You'd typically want a wide depth of field when shooting landscapes, so as to have everything from the flower in the foreground to the mountains on the horizon in focus. You'd typically want a narrow depth of field for such subjects as portraits and flowers, blurring the background to avoid distractions.

How large this depth of field is depends on the distance to the subject, the aperture, and the focal length of the lens. Whether you're shooting film or digital makes no difference.

If the plane of focus lies further away from the camera, the depth of field is wider than if the camera focuses on an object close by.

Small apertures (large f/numbers) result in a wider depth of field.

Short focal length lenses (wide angle) have a wider depth of field than long focal length lenses (telephoto).

The depth of field is determined by the actual focal length of the lens, not the "35-mm equivalent" often used in the camera specifications. Because most compact cameras have sensors much smaller than SLRs, they have much shorter lenses, giving wider depth of field. This is great for landscapes, not so great for portraits.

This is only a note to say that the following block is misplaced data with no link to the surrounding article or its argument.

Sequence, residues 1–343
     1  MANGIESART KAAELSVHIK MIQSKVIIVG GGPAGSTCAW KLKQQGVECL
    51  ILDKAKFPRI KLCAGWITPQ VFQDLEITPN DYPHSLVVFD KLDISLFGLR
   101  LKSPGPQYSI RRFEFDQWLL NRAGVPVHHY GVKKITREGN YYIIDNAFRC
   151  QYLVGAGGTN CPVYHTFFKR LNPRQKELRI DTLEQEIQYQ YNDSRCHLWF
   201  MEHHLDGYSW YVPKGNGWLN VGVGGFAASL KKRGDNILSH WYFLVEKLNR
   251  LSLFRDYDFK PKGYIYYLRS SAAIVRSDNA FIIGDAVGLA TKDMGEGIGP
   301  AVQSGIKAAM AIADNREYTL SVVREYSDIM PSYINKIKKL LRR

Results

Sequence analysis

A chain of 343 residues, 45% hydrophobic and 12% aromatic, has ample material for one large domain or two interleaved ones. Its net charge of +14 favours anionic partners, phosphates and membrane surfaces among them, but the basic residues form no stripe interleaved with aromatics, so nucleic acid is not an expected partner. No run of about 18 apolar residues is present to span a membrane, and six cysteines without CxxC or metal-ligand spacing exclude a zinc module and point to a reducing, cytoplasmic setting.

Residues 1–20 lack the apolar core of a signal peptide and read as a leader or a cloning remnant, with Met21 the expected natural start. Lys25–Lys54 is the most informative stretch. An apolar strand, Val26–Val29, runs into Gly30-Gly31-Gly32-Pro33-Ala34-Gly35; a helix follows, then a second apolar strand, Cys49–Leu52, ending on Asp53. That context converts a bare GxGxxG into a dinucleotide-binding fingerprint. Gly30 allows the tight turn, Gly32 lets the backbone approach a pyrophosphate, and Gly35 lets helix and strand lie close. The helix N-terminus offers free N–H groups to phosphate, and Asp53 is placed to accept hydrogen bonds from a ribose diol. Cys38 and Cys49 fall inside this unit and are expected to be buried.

To get a narrow depth of field, set the aperture as large as you can (smaller f/numbers), move in close to the subject, and zoom in. If your camera doesn't give you direct control over the aperture, try using the Portrait mode. And yes, the last two items above, moving in close and zooming in, are in opposition, You'll have to decide on the best balance for your picture.

To get a wide depth of field, set the aperture as small as you can (larger f/numbers), move away from the subject, and zoom out. If your camera doesn't give you direct control over the aperture, try using the Landscape mode.

Before going on vacation or shooting your child's wedding, experiment with these factors. Shoot things in your backyard or at a park, trying for both narrow and deep depth of field, then look at the pictures on your computer.

on Jun 23, 2011 | Cameras

Multiply the length by the depth to get 100 meters squared.

Sep 18, 2016 | Mathsoft StudyWorks! Mathematics Deluxe...

What you looking to know?

Square feet suggests a flat area, like the floor plan of the pool, which would be 16 x 32 = 512 square feet. Like you'd measure walls for tiles or paper etc.

As you've given 3 dimensions, sounds like your after the cubic capacity/volume of the pool, in which case your looking at cubic feet (same as flat area above, but with the added depth to go from flat 2d, to 3d (2 vs 3 dimensions)), which would be 16 x 32 x 10 = 5,120 cubic feet.

Square feet suggests a flat area, like the floor plan of the pool, which would be 16 x 32 = 512 square feet. Like you'd measure walls for tiles or paper etc.

As you've given 3 dimensions, sounds like your after the cubic capacity/volume of the pool, in which case your looking at cubic feet (same as flat area above, but with the added depth to go from flat 2d, to 3d (2 vs 3 dimensions)), which would be 16 x 32 x 10 = 5,120 cubic feet.

Jun 02, 2015 | Pool & Spa

go as far as Ya Can Easy done Look At that